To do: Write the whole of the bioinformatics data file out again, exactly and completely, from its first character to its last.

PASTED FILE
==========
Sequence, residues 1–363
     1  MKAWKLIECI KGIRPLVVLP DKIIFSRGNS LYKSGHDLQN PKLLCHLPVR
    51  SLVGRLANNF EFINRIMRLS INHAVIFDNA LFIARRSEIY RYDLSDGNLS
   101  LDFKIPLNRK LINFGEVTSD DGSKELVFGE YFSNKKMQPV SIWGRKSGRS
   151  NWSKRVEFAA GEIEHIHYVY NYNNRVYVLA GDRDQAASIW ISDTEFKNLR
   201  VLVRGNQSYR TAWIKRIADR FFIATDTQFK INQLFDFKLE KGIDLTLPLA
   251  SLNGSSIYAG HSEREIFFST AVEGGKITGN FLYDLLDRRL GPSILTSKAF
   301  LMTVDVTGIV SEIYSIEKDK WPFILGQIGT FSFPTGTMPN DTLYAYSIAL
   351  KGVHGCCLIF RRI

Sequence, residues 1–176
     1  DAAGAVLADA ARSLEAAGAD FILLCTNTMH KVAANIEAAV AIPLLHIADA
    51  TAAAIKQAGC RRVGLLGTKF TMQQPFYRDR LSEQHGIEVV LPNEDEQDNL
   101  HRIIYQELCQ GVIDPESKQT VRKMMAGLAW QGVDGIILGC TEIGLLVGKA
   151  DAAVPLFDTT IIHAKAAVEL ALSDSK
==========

Sequence, residues 1–363
     1  MKAWKLIECI KGIRPLVVLP DKIIFSRGNS LYKSGHDLQN PKLLCHLPVR
    51  SLVGRLANNF EFINRIMRLS INHAVIFDNA LFIARRSEIY RYDLSDGNLS
   101  LDFKIPLNRK LINFGEVTSD DGSKELVFGE YFSNKKMQPV SIWGRKSGRS
   151  NWSKRVEFAA GEIEHIHYVY NYNNRVYVLA GDRDQAASIW ISDTEFKNLR
   201  VLVRGNQSYR TAWIKRIADR FFIATDTQFK INQLFDFKLE KGIDLTLPLA
   251  SLNGSSIYAG HSEREIFFST AVEGGKITGN FLYDLLDRRL GPSILTSKAF
   301  LMTVDVTGIV SEIYSIEKDK WPFILGQIGT FSFPTGTMPN DTLYAYSIAL
   351  KGVHGCCLIF RRI

Sequence, residues 1–176
     1  DAAGAVLADA ARSLEAAGAD FILLCTNTMH KVAANIEAAV AIPLLHIADA
    51  TAAAIKQAGC RRVGLLGTKF TMQQPFYRDR LSEQHGIEVV LPNEDEQDNL
   101  HRIIYQELCQ GVIDPESKQT VRKMMAGLAW QGVDGIILGC TEIGLLVGKA
   151  DAAVPLFDTT IIHAKAAVEL ALSDSK